Although the preferred way to install GitLab is to use our omnibus packages, you can also install GitLab Community Edition or Enterprise Edition 'from source'. If you used this installation method, and if you compiled Git from source in the process then please check whether your Git version defends against Git vulnerability CVE-2014-9390. This issue does not apply to our Omnibus packages (DEB or RPM).

Although GitLab itself is not affected by CVE-2014-9390, a GitLab server may be used to deliver 'poisoned' Git repositories to users on vulnerable systems. Upgrading Git on your GitLab server stops users from pushing poisoned repositories to your GitLab server.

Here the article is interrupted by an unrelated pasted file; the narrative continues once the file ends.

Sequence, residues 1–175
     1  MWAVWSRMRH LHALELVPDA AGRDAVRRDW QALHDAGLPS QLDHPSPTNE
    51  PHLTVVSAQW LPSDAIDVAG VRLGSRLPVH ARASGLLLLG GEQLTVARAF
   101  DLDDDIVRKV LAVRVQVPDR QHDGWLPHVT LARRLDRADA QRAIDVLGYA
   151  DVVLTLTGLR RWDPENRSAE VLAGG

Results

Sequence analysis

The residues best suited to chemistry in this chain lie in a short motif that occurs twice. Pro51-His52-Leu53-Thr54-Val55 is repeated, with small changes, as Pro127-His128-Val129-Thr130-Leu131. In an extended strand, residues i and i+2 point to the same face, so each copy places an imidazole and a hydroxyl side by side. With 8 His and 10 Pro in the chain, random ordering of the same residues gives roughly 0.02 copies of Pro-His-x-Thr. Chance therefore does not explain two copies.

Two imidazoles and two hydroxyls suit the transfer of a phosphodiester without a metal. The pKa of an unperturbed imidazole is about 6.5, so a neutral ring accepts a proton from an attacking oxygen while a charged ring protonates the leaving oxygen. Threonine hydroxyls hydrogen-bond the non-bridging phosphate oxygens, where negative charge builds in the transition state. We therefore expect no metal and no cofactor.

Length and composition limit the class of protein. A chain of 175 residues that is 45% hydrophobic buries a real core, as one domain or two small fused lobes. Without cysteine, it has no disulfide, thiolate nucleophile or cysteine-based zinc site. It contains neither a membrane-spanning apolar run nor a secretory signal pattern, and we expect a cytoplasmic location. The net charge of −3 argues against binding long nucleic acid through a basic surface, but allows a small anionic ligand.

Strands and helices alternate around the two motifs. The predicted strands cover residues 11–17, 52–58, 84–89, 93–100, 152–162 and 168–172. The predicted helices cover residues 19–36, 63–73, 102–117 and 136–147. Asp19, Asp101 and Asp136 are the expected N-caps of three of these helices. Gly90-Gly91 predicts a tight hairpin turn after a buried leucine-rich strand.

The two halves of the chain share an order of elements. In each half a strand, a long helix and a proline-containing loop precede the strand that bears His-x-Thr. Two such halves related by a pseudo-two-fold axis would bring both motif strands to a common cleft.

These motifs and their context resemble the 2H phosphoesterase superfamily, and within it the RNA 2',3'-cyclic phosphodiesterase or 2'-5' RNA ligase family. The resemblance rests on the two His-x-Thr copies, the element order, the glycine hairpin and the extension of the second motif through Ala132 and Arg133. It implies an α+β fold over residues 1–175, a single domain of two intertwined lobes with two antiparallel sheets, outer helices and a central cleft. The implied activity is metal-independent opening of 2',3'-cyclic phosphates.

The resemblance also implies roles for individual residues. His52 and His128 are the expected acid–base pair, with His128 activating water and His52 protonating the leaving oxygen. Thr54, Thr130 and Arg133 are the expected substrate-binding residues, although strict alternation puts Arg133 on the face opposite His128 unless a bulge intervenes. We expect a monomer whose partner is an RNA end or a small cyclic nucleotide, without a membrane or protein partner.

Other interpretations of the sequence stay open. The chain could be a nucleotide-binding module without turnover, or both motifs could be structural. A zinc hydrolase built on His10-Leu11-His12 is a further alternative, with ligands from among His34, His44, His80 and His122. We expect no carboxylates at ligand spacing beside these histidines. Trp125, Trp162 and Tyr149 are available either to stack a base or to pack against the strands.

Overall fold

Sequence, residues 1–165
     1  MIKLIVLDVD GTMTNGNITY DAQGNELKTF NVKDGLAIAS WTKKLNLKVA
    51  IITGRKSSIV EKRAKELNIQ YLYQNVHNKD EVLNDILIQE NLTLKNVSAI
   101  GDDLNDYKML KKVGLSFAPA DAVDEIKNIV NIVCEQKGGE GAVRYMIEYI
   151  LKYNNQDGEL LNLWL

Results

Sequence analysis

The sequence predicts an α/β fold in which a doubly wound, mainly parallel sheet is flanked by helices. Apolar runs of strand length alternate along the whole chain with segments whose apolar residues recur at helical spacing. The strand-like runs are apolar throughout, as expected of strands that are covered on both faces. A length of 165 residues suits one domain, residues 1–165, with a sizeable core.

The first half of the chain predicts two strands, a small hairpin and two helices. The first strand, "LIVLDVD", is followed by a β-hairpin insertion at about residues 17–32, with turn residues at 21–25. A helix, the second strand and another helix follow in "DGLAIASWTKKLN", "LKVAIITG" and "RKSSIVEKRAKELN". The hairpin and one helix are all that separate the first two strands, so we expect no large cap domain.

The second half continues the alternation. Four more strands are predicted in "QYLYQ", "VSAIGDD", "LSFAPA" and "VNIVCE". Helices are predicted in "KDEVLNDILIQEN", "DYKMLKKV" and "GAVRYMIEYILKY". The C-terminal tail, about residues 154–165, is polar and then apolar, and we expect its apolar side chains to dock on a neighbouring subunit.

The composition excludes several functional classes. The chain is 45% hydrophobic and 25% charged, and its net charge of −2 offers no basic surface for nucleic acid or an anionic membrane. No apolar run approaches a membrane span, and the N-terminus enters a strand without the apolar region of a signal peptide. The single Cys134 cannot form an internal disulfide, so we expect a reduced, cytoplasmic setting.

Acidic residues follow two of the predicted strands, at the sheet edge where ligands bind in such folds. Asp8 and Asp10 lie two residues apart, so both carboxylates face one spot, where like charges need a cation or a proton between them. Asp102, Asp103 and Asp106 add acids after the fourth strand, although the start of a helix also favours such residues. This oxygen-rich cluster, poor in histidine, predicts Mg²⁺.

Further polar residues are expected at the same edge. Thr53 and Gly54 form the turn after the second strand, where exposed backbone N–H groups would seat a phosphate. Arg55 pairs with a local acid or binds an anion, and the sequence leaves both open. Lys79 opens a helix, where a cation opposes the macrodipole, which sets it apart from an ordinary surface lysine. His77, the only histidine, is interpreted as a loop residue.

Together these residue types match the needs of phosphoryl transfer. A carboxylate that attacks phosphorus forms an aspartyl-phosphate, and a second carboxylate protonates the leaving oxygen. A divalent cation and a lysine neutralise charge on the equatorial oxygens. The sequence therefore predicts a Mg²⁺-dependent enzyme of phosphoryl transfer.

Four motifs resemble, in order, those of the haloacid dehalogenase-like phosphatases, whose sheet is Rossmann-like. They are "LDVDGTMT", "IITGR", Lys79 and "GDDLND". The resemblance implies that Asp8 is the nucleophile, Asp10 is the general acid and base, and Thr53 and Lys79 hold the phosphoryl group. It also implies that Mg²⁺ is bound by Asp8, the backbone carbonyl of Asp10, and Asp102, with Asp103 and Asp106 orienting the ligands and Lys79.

Due to an oversight, the guide for installing GitLab from source still contained instructions telling administrators to install Git 2.1.2 if the version of Git provided by their Linux distribution was too old. Git 2.1.2 does not defend against CVE-2014-9390.

If your GitLab server uses /usr/local/bin/git please check your Git version using the instructions in this upgrade guide.

Try all GitLab features - free for 30 days

GitLab is more than just source code management or CI/CD. It is a full software development lifecycle & DevOps tool in a single application.

Try GitLab Free
Git is a trademark of Software Freedom Conservancy and our use of 'GitLab' is under license

Try the GitLab DevOps Platform for free for 30 days

Achieve higher productivity, faster and secure deployments

Start your free trial Maybe later